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Last week we read of Argyll and Bute Council increasing the fee for shellfish export licenses to a level which threatens to put some exporters out of business. And this at a time when the UK may well have a particular need for all its exports and entrepreneurs to save us from the direst consequences of Brexit.
A few weeks ago we read of how the Minard War Memorial has missed out on essential maintenance funding from a nationwide scheme because Argyll and Bute Council neither made the required application within the stipulated period nor took responsibility for its failure.
This week we read that the Argyll and Bute Council’s chief executive received an annual remuneration package of around £150,000. This must seem to most to be an extremely impressive and generous reward for whatever service that particular gentleman has rendered us.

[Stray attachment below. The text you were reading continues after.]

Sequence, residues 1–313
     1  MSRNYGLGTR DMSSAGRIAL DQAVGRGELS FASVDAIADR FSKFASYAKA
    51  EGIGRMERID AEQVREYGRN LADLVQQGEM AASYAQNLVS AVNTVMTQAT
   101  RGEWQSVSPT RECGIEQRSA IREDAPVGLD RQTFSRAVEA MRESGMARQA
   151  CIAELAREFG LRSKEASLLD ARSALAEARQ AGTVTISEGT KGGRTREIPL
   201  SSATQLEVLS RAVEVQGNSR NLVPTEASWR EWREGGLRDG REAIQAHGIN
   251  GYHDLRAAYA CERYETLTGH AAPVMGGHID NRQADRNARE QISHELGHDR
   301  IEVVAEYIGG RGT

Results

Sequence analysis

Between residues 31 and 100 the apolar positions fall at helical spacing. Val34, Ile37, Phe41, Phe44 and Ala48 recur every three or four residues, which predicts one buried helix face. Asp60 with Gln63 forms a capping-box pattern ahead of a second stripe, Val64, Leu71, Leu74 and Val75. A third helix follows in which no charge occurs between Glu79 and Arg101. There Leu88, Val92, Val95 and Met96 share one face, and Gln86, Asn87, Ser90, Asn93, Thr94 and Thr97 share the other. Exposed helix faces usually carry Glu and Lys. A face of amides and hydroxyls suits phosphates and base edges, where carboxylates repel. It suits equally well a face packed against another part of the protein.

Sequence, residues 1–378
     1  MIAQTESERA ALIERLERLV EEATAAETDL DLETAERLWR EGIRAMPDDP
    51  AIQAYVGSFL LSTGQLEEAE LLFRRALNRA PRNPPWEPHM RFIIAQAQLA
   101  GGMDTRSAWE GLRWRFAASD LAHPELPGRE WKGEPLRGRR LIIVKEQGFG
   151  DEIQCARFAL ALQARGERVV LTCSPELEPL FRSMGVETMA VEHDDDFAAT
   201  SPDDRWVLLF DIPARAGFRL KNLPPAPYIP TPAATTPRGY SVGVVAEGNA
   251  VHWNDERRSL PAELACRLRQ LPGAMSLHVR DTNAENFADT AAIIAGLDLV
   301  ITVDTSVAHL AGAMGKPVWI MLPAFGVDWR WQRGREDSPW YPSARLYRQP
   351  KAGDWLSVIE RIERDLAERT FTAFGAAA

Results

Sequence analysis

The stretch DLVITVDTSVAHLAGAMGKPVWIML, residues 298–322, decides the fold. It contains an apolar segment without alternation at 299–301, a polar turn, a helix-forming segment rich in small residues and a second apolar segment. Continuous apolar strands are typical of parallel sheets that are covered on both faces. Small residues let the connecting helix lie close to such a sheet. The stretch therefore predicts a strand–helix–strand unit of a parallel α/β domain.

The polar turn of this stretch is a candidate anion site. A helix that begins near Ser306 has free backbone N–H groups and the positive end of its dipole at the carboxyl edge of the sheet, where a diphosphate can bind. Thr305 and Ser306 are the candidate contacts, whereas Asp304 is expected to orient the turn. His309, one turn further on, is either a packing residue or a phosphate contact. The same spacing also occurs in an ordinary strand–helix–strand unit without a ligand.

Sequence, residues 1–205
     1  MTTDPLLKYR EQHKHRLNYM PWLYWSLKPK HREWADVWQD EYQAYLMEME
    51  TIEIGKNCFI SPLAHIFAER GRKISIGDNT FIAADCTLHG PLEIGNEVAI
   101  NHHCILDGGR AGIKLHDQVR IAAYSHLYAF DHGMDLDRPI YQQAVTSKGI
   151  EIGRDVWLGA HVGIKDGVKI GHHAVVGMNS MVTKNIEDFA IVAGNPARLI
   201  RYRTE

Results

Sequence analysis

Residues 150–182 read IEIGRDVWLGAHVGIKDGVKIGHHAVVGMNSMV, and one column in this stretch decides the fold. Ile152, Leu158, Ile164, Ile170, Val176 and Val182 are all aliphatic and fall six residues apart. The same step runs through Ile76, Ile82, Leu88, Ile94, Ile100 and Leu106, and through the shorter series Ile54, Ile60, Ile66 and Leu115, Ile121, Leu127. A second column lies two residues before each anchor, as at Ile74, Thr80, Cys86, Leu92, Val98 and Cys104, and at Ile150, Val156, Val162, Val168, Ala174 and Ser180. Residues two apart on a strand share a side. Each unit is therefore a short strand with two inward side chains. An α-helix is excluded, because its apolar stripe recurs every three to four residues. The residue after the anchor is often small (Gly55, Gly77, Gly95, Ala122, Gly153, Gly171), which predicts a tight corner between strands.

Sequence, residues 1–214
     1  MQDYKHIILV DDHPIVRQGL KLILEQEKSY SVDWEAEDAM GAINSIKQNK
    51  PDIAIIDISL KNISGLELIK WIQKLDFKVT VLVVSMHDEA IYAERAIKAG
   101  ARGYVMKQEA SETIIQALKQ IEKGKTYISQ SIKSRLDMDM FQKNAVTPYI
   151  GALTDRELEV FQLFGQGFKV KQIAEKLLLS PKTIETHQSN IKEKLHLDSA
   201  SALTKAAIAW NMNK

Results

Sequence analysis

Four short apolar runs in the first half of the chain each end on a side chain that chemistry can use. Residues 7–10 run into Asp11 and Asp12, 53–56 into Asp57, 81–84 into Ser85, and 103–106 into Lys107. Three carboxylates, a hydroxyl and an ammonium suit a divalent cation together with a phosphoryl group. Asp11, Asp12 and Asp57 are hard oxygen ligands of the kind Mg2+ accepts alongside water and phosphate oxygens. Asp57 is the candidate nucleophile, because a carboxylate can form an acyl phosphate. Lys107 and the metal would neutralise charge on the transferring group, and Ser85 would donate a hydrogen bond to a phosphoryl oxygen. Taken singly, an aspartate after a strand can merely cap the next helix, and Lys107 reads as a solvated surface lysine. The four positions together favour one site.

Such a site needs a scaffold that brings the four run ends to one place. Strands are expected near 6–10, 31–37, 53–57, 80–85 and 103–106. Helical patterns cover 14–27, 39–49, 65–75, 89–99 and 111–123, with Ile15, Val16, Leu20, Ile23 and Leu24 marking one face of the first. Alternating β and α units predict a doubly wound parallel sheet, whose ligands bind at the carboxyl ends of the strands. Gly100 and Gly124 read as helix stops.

Now, it is a long-accepted ethical principle that in the realm of public service a high level of reward must only follow a high level of service.
However, it is not at all clear to me – or I would suggest 99 per cent of the public – exactly how the chief executive has rendered such a level of service as merits such a high level of reward.
Putting it into context: Why was so much public money used to reward the chief executive when it could have been put to such uses as properly repairing Minard War Memorial and easing the financial burden on our entrepreneurs?
I think that if the chief executive is to retain any credibility, he has face the public in open forum and answer this question.
I really hope that he has the courage to meet that challenge.